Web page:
Adam D. Shprintzen received his PhD in History with distinction from Loyola University Chicago in May 2011, where his studies focused on nineteenth century America. Currently, he serves as Digital and Archival Historian (see, Digital Encyclopedia of George Washington) at Mount Vernon, where he manages digital history projects as well as the institution's archival holdings.
Shprintzen's new book is The Vegetarian Crusade: The Rise of an American Reform Movement, 1817-1921.
From his Q & A with Michael Gebert at the Chicago Reader:
Michael Gebert: Basically, your book says that vegetarianism not only goes back to the 18th century, but that it parallels a lot of other reform movements of the time—the Great Awakening, abolition, temperance, the first stirrings of feminism. How did vegetarianism fit into that whole picture?Learn more about the book and author at Adam D. Shprintzen's website.
Adam D. Shprintzen: Vegetarianism starts out as this small religious reform group that imports itself to the United States from England, the Bible Christian Church. They come to the U.S. with this idea that religion can actually be understood through science. Which is sort of a remarkable idea through our modern eyes, but wasn't so strange at the time. Part of their ideology was the notion that vegetarianism—they didn't use that term at the time—but that abstaining from meat can sit at the center of a total reform ideology. So meat is one way that the body kind of becomes overheated and overexcited and apt to make people act in improper ways. Whether it be violence, or holding slaves, or oppressing women.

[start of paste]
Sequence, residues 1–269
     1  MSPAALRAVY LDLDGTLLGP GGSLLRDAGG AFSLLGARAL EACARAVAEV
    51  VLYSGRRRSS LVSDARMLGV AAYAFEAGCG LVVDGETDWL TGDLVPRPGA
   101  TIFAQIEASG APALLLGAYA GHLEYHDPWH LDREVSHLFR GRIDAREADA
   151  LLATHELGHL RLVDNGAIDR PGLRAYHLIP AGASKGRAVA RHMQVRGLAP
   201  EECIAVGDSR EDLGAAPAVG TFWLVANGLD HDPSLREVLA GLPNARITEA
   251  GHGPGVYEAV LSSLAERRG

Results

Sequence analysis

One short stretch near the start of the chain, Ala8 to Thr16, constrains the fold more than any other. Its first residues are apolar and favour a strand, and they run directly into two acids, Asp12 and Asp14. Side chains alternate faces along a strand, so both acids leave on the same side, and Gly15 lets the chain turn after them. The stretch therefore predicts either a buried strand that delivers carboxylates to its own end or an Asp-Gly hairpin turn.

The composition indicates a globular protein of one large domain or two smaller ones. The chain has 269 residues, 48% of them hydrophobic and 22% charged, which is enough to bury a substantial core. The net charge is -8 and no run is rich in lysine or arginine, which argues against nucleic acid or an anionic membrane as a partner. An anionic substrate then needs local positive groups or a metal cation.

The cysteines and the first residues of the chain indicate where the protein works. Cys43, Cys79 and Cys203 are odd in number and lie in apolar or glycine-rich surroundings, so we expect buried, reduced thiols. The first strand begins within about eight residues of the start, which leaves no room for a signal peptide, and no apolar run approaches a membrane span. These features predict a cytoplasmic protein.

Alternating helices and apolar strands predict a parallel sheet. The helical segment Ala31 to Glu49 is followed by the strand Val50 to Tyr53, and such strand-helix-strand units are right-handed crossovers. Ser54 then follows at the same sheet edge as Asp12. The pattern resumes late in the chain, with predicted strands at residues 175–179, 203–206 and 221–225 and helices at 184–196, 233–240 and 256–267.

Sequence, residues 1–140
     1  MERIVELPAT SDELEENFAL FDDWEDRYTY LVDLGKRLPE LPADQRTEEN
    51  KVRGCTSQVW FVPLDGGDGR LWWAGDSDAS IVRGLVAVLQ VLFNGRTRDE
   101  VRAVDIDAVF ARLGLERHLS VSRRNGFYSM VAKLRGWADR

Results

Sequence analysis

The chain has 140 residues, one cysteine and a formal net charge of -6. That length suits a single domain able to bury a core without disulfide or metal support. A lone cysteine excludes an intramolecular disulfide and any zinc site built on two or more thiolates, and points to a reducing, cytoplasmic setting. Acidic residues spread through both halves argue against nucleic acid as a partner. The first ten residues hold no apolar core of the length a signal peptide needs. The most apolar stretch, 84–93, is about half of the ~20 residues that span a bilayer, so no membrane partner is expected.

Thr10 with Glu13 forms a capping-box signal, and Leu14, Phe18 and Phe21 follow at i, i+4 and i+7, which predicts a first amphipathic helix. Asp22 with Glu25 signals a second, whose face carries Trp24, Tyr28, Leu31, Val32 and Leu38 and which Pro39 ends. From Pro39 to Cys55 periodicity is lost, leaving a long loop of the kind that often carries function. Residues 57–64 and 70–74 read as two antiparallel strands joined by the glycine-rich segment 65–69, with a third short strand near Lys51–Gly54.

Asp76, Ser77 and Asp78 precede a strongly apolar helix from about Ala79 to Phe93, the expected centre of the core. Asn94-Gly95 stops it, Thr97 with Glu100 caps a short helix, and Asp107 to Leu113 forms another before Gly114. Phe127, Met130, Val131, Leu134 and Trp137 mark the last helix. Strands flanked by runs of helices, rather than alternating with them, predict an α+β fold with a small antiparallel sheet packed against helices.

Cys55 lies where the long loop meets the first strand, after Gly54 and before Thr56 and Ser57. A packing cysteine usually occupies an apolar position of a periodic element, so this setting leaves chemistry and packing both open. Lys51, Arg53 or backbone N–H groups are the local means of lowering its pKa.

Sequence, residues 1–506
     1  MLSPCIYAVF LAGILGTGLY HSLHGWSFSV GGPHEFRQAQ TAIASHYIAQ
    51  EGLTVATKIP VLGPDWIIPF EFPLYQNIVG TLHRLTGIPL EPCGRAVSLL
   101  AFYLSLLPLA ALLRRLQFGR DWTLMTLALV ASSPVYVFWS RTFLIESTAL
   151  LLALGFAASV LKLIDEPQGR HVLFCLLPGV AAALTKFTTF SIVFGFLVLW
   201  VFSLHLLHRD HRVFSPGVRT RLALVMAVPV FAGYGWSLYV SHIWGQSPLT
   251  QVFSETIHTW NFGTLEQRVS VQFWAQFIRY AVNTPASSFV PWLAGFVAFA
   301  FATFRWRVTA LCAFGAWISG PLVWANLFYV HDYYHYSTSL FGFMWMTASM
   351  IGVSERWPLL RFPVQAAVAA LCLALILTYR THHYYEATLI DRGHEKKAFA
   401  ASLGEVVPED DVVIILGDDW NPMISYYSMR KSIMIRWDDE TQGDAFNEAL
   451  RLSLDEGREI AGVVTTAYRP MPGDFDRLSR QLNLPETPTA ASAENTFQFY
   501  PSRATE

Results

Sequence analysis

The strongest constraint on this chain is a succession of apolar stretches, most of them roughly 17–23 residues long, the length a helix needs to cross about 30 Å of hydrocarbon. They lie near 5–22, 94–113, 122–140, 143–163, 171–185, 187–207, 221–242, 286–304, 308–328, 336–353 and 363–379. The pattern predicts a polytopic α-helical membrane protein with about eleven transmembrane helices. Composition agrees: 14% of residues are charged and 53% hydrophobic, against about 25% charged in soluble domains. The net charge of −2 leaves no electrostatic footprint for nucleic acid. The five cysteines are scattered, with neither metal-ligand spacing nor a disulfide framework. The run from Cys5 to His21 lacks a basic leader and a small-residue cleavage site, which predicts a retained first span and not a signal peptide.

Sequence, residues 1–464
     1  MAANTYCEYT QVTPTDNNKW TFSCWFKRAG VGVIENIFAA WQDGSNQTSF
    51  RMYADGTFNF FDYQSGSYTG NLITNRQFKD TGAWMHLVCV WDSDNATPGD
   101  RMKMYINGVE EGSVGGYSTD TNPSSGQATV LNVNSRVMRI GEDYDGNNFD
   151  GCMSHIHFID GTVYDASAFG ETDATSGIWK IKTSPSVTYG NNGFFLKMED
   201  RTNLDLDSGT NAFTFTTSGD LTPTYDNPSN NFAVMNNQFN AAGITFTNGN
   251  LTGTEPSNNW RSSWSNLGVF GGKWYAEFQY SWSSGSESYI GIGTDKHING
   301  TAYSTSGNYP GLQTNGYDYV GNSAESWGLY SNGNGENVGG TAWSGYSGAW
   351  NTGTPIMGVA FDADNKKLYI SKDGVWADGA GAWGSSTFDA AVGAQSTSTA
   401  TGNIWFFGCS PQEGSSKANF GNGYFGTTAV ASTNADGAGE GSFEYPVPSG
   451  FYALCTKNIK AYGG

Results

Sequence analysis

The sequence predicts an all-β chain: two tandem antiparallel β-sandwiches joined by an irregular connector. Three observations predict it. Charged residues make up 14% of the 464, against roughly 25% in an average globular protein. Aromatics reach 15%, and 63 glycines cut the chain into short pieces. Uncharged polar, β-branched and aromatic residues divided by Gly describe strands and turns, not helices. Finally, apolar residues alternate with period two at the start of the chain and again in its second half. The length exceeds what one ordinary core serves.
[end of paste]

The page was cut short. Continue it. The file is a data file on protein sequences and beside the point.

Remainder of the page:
Sylvester Graham—who is remembered wrongly as the inventor of the graham cracker, which would have horrified him with all its sugar and other things—spreads these ideas and sort of connects them with the idea of the healthy body and the healthy mind. Again, the idea is that what someone eats can help predict how they will act. So [eliminating] a violent diet will ensure that an individual will not be violent him- or herself.
And that continues up through the establishment of the American Vegetarian Society in the 1850s, which goes out of its way to place vegetarianism at the center of a total reform ideology. So that's certainly abolitionism, pacifism, women's suffrage, even the idea of economic equity, that a vegetarianism lifestyle is actually cheaper than meat, but then also that cooking vegetarian meals is a way to liberate individuals from the kitchen, that it's less time consuming and, again, not dealing with the effects of violence by touching something firsthand that was killed by violent means.
That phase comes to a climax with the Civil War, and at this point vegetarianism is sort of like the 60s and 70s—once the big cause is settled, ironically in part because vegetarians take up arms to fight for it, vegetarianism turns inward and kind of has a few Me Decades.
That's a great line; I hadn't thought of that but you're exactly right. The Civil War becomes the splitting point for vegetarianism in the 19th century...[read on]
The Page 99 Test: The Vegetarian Crusade.